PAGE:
I see no reason for Apple to license its OS. If you like it, buy it, otherwise don't. The reason is if Apple license its OS to other HW folks, we'll end up with MS Windows problems--a vendor creating an OS for a HW platform it can't control. That's the primary reason for Windows problems. MS-DOS/Windows is the first time the OS and HW were not made by the same computer company. Look at the problems. Apple is correct in making its own HW and its own OS to fit "that" HW. That is Apple's strength. This is the scenario I think Apple is trying to avoid--much to their business model: Oh, I see you are running Mac OS X on HW brand X. Yea, but I'm having issues. Oh, yea, I don't want to buy Mac OS X because I hear you have issues with it. --Well, that isn't Apple's fault and yet Mac OS X get's tarnished because it doesn't work properly on non-Apple controlled HW. That affects the perception of Apple's product. Apple is in business to make money and "appear good". Having other folks use their OS on non-Apple HW could damage Apple's reputation. All folks want is a cheaper box to run Mac OS X on--that's the whole point of licensing, right? I'd like $100 Apple Mac too. But that fact remains that Apple is a for-profit business and I don't see why they can't make their product the way they want. If folks push too hard, Apple COULD simply make Mac OS X only available on new computers--then downloadable via Software Update for a fee. That would prevent the "loose" sales of Mac OS X only and prevent the idea that it is available separate from the HW and hence licensable. That only hurts everyone. OK, enough rambling. I think Apple is completely legit to control their products...that is HW/OS are "one" product in my opinion since they are "intended" to be together. Thanx!
  • 0 Hide
    tinnerdxp , 2 March 2009 21:46
    I disagree with Kijug... The only reason why Apple is so strict about the hardware software link is because of the money... Apple OS X is where it is because of Apple's vision about the perfect operating system. Hardware doesbn't have anything to do with it... especially that it uses the same basis as any other OS these days... The only "differences" between Apple's hardware and any other hardware are: "design", "price" and "up-to-date-ism" of the components used. Apple's is buying cheap crap, wraps it up in a aluminium / glass body, adds own flavour of Unix to it and sells it for 200-300% of the price... I personally dodn't like OS X - it's too "idiot-oriented", strict and "closed" in the way it interacts with users... (that's my opinion). If Apple would really care about their customers then they would allow people run os x on their PCs... then you could go to any shop and buy a graphics card that you want and find a CD in it with drivers for Mac OS X... "You could make a decision yourself" rather than relying on apple's marketing dep. that 5400rpm is REALLY fast... and the CPUs they use are the best ever made... It is quite pathetic how people considering themselves as "IT Professionals" are literally repeating the slogans from apple.com without any understanding... Well... I pressume the gossips about MacBook Wheel are not so sci-fi after all...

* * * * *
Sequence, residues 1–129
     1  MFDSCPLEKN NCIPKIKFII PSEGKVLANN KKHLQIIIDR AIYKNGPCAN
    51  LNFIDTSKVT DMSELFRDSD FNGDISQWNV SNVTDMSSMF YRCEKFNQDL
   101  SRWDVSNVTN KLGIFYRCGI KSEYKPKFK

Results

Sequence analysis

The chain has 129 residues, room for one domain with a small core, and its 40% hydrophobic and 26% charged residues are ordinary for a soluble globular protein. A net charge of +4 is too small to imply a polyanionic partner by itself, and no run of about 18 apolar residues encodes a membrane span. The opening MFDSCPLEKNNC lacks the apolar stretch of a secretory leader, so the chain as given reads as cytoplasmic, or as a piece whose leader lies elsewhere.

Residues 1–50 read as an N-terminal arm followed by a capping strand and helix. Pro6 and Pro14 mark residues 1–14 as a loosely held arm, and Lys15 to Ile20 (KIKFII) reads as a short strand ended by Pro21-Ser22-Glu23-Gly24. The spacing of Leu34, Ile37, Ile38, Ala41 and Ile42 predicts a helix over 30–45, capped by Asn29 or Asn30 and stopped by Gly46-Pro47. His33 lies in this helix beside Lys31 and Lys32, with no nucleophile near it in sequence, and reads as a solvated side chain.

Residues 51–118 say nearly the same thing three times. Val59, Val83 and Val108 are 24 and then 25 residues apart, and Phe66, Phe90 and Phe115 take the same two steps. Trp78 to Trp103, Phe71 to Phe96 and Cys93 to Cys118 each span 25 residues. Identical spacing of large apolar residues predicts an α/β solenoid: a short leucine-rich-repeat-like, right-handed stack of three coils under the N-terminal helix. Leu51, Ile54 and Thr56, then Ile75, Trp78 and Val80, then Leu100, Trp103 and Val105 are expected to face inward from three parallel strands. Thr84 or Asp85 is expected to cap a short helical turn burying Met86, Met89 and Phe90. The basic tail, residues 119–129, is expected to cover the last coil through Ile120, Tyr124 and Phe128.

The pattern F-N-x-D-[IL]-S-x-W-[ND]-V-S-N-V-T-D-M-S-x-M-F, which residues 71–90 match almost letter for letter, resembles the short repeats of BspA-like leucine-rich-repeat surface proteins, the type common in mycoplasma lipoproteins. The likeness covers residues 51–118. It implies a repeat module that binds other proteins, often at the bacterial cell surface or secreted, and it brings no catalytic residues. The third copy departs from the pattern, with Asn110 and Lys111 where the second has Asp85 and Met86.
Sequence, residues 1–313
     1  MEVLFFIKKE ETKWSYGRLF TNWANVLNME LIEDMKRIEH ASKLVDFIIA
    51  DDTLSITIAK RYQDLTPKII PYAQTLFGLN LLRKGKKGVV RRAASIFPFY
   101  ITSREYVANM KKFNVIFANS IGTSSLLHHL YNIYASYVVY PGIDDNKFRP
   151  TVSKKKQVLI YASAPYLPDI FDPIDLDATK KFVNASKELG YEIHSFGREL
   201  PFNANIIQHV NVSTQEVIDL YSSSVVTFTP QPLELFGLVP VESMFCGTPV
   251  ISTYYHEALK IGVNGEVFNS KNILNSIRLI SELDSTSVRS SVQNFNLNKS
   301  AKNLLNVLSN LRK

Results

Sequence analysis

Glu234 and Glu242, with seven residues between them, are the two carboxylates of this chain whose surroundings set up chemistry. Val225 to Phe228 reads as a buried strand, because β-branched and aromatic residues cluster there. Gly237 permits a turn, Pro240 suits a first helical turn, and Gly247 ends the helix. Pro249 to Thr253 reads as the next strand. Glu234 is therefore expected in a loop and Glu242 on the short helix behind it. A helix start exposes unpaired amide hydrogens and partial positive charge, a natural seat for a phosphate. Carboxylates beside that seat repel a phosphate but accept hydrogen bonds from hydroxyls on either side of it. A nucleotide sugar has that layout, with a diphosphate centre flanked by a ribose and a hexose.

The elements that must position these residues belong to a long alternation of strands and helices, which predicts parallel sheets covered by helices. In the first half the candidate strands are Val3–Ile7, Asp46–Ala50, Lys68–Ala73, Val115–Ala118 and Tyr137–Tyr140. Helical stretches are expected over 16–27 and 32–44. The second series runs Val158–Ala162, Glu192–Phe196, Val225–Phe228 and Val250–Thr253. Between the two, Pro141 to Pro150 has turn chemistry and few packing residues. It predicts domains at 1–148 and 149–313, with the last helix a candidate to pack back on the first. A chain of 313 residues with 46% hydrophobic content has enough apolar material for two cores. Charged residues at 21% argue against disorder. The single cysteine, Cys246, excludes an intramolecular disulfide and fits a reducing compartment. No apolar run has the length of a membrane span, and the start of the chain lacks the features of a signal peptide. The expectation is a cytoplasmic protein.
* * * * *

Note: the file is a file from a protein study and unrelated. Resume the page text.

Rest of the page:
http://www.theonion.com/content/video/apple_introduces_revolutionary
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  • 0 Hide
    LePhuronn , 2 March 2009 22:07
    Yeah thanks for that tinnerdxp - laughed so hard at the link I leaked a little and I have a meeting in 15 minutes...
  • 0 Hide
    myoula , 2 March 2009 23:26
    "If Apple would really care about their customers then they would allow people run os x on their PCs..."

    so you decided for Apple that their customers are those who have PC's???? you idiot...

    by an idiot-oriented.